packages, with some of the proceeds benefiting the charity. Be creative
in offering your charity designated products or services.
Private-Label Products. Any number of products can be developed
and sold to benefit the charity. There are many private-label
companies that produce products such as candles, chocolates,
beverages, condiments, cosmetics—almost anything you like. These
products can be customized with a private label.
example of a private-label success is Ethos Water (www.ethoswater.com),
founded in 2001 as a social start-up venture to help children around the
world get clean water. It was acquired by Starbucks Coffee Company in
2005. Ethos Water and Starbucks are committed to raising awareness of
the world water crisis. The water is now sold in Starbucks stores and in
many grocery, convenience and drug stores throughout the U.S. and
Canada. A portion of the sales goes toward humanitarian water programs.
Affiliate Sales. Businesses can partner with charitable
organizations that promote the company, which, in turn, donates a
portion of the sales generated back to the charity.
the Word Out
Enlist the Charity’s Lists. Enlist volunteers of the charity to
sell your role in making donations. Ask them to send out information
in their newsletters and fliers and to spread the word on social
networking sites such as Facebook or Twitter. Give them additional incentives to
encourage higher sales. You will benefit from the increased exposure,
and they will earn much-needed funds.
Organize an Event. Special fundraising events for your favorite
charity can be rewarding and fun for the whole community. Encourage
other businesses in the area to participate by helping with the
organization of an event or by volunteering services in exchange for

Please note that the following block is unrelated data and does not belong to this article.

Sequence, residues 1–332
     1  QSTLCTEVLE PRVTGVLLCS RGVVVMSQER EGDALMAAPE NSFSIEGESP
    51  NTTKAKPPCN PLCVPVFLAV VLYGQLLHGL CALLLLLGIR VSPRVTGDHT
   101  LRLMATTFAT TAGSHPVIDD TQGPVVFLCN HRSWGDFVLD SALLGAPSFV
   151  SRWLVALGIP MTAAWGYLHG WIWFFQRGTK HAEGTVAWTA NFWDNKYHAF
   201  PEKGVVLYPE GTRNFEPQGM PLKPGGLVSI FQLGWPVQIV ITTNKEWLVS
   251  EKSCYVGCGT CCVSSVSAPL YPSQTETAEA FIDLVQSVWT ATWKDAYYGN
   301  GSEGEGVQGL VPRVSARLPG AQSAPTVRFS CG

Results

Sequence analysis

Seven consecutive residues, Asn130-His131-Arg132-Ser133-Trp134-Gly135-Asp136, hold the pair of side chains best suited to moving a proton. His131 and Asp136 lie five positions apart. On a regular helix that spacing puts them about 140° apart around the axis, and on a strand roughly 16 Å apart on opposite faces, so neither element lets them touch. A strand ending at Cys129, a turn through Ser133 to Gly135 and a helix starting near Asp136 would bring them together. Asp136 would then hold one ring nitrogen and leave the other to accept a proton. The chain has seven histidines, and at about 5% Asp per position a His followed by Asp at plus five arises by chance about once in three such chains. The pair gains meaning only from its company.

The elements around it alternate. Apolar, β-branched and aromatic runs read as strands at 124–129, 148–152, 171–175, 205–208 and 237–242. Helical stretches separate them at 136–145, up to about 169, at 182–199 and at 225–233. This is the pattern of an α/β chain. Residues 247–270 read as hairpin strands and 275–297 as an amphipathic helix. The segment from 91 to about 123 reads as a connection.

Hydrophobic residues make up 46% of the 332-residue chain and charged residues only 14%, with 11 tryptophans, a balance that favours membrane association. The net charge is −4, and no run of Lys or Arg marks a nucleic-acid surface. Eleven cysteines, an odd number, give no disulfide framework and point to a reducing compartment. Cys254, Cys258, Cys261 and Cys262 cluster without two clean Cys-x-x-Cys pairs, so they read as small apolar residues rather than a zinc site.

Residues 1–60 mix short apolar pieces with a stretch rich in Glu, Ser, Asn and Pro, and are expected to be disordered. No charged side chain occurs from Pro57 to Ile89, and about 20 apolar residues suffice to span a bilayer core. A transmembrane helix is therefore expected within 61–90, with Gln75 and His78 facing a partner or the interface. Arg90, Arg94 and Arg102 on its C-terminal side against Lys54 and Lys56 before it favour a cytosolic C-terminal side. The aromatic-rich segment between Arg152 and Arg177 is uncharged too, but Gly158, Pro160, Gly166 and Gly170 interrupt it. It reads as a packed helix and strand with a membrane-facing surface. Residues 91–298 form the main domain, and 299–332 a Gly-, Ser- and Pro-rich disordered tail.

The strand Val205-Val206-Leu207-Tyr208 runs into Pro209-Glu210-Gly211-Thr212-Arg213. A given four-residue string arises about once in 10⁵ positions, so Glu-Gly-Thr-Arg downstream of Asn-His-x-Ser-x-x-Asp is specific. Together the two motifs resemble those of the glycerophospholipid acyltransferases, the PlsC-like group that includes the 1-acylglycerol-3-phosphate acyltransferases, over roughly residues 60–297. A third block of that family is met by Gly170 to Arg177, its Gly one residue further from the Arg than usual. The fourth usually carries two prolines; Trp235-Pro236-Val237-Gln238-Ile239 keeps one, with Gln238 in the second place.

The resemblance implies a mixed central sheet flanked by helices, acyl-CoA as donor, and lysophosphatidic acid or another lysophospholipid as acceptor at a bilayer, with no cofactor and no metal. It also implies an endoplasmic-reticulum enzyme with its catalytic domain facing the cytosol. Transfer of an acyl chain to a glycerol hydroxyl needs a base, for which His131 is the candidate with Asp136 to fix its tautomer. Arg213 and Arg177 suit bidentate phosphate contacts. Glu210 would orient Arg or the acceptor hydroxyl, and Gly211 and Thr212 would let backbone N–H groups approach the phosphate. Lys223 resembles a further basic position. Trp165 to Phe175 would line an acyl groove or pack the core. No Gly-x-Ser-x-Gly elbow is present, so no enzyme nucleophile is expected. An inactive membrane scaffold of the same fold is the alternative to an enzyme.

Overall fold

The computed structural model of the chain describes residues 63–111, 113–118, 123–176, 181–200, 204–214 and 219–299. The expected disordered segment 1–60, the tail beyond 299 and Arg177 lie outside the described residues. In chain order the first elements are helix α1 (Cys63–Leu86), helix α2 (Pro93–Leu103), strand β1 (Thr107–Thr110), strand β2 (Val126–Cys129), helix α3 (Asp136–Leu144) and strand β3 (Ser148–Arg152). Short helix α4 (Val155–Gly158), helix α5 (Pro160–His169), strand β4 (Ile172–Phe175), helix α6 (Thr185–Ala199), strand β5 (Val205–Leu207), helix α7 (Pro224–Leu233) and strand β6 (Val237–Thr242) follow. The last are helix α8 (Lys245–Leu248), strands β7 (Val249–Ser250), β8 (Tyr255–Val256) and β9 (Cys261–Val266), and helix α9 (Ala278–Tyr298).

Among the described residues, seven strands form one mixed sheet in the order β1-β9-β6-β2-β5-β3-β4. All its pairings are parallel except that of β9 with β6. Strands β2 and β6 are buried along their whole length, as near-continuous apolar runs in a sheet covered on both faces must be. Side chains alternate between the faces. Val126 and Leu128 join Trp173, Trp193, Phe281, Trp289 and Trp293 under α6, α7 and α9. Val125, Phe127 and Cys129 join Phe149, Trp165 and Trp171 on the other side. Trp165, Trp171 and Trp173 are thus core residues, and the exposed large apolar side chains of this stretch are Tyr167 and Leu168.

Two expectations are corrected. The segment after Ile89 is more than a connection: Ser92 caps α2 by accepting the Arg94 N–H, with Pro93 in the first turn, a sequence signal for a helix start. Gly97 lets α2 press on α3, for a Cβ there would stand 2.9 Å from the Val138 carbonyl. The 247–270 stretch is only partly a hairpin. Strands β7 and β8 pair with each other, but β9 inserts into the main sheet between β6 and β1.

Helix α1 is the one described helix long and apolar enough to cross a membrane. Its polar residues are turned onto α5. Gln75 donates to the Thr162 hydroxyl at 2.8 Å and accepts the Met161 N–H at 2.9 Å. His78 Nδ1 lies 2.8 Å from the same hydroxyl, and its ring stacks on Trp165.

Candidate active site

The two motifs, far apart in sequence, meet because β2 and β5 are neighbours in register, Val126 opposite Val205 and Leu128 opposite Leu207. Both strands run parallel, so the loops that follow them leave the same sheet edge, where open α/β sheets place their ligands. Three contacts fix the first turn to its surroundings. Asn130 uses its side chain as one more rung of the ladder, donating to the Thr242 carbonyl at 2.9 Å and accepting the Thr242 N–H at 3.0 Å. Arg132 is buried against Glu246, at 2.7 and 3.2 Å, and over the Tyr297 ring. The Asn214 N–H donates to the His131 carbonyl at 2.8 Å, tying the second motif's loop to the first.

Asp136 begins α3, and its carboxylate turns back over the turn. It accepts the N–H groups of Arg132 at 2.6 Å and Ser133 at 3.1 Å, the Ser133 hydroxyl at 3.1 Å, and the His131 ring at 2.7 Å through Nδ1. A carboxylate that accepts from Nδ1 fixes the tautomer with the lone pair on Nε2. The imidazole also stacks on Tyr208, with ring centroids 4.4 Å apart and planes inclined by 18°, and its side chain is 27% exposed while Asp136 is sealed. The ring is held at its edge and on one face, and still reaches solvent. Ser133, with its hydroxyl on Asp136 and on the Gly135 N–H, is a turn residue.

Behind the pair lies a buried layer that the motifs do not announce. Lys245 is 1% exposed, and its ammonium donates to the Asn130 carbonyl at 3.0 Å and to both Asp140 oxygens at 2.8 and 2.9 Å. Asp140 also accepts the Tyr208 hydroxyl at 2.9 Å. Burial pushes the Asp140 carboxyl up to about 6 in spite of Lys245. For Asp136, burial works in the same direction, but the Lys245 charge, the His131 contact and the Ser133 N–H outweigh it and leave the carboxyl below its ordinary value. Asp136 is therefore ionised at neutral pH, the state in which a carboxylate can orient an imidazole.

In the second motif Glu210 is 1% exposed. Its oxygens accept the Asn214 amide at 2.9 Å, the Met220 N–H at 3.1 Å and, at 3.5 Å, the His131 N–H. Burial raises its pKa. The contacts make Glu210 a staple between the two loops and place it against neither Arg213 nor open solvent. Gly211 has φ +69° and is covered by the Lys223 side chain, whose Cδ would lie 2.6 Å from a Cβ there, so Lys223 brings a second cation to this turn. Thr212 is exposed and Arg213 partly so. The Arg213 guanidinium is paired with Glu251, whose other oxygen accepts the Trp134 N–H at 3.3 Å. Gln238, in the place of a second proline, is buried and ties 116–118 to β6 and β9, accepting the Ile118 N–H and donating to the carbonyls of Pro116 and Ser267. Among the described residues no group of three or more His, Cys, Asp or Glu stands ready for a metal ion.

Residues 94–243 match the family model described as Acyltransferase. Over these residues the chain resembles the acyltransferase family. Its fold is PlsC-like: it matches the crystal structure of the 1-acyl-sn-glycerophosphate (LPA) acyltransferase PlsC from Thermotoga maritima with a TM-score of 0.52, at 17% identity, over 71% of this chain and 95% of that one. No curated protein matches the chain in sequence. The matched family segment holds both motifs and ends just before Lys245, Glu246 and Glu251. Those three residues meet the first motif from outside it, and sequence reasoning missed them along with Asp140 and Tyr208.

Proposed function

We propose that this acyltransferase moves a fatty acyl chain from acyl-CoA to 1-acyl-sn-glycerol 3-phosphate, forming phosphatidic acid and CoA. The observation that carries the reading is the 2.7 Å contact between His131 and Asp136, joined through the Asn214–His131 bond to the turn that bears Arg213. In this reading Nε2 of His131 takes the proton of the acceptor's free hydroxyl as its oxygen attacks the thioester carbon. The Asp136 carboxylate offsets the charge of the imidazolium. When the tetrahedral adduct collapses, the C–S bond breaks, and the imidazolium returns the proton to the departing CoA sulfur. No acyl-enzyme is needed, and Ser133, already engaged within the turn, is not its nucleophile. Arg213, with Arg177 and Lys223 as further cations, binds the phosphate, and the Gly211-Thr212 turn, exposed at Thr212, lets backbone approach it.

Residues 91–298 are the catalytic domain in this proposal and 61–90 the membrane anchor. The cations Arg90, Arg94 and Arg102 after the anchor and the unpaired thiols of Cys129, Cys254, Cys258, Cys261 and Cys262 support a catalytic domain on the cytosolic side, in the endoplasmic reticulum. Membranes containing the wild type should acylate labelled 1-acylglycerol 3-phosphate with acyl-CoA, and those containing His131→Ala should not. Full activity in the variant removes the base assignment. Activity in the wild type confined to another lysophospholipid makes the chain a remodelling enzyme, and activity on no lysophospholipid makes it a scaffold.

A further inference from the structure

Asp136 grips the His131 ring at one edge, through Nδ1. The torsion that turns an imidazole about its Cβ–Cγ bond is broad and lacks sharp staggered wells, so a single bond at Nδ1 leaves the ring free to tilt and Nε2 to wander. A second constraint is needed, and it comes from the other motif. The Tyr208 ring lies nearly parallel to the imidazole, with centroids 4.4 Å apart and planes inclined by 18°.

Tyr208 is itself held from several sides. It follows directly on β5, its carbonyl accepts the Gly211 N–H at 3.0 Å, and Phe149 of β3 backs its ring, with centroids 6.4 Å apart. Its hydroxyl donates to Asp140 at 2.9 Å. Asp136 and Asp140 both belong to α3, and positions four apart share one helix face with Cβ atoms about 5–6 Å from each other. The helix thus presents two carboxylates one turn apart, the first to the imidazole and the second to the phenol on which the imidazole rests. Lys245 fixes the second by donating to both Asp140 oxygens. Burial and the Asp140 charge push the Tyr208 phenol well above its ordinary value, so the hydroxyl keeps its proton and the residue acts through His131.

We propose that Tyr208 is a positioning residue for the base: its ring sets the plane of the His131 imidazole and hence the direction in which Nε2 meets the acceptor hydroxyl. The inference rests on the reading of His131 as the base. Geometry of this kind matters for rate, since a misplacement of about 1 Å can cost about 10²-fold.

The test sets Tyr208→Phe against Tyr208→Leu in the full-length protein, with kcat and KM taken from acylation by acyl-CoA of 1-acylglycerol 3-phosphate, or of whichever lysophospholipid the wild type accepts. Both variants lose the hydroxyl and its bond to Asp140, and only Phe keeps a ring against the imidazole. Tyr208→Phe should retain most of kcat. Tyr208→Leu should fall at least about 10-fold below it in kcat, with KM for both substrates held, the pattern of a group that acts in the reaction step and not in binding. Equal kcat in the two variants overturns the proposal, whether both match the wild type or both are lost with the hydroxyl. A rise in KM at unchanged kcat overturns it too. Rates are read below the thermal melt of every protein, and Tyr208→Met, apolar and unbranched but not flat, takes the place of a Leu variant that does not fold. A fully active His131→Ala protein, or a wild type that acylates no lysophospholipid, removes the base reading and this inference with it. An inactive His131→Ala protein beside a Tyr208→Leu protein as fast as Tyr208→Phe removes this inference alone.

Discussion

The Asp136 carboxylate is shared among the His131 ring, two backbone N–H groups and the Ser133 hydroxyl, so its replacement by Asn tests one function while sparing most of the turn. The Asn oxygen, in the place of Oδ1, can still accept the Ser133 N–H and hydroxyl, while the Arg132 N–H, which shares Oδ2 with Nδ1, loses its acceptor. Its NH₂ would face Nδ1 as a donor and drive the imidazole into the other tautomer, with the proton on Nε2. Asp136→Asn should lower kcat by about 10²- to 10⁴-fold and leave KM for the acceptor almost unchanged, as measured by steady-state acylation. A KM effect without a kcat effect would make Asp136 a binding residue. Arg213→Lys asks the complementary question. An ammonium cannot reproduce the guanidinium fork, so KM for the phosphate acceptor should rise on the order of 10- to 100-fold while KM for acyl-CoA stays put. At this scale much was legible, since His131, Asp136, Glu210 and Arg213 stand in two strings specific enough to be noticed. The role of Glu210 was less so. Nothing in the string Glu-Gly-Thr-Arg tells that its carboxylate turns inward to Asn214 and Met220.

their name being included in the list of sponsors. To save costs,
get as many special deals as you can by explaining the event is for
charity. In any negotiation, always ask “Is that the best you can
do?” You will be surprised by how powerful that simple question can
charity events need to be like a national concert tour. An example of a
local charity fundraiser is a semiformal event that was held in a
beautiful bed-and-breakfast in a small New England town. The owners of
the B&B were happy to offer the inn at no charge because of the exposure
they received, as attendees toured the rooms and took brochures.
costs low, simple food was planned. The dining room was set up with a
variety of cheeses, fruits, breads and crackers. Volunteers prepared and
served hors d’oeuvres, desserts and wine to the guests. Another
volunteer played a violin softly in the background. They charged $75 per
couple and sold items donated by local businesses and artists via a
silent auction. It was a memorable event. Not only did they raise a
considerable amount of money for the charity but the generosity of the
businesses that participated in the event made a lasting impression on
marketing isn’t just another marketing gimmick. According to the study
by the Wells Fargo/Gallup Small Business Index, 80 percent of
small-business owners surveyed believe their efforts benefit the
communities they serve more than their own businesses. Giving back to
the community by helping those in need reflects the core values that are
important to many small businesses and their customers.
CherryPlanet.com was founded to help local businesses attract customers
by providing a platform for businesses to create coupon campaigns for
free. The site offers a way for businesses to save money on advertising
and marketing while helping customers save money while shopping and
doing business locally. In addition, Cherry Planet is committed to
donating 10 percent of its profits to worthy charities. Visit
www.cherryplanet.com for more information.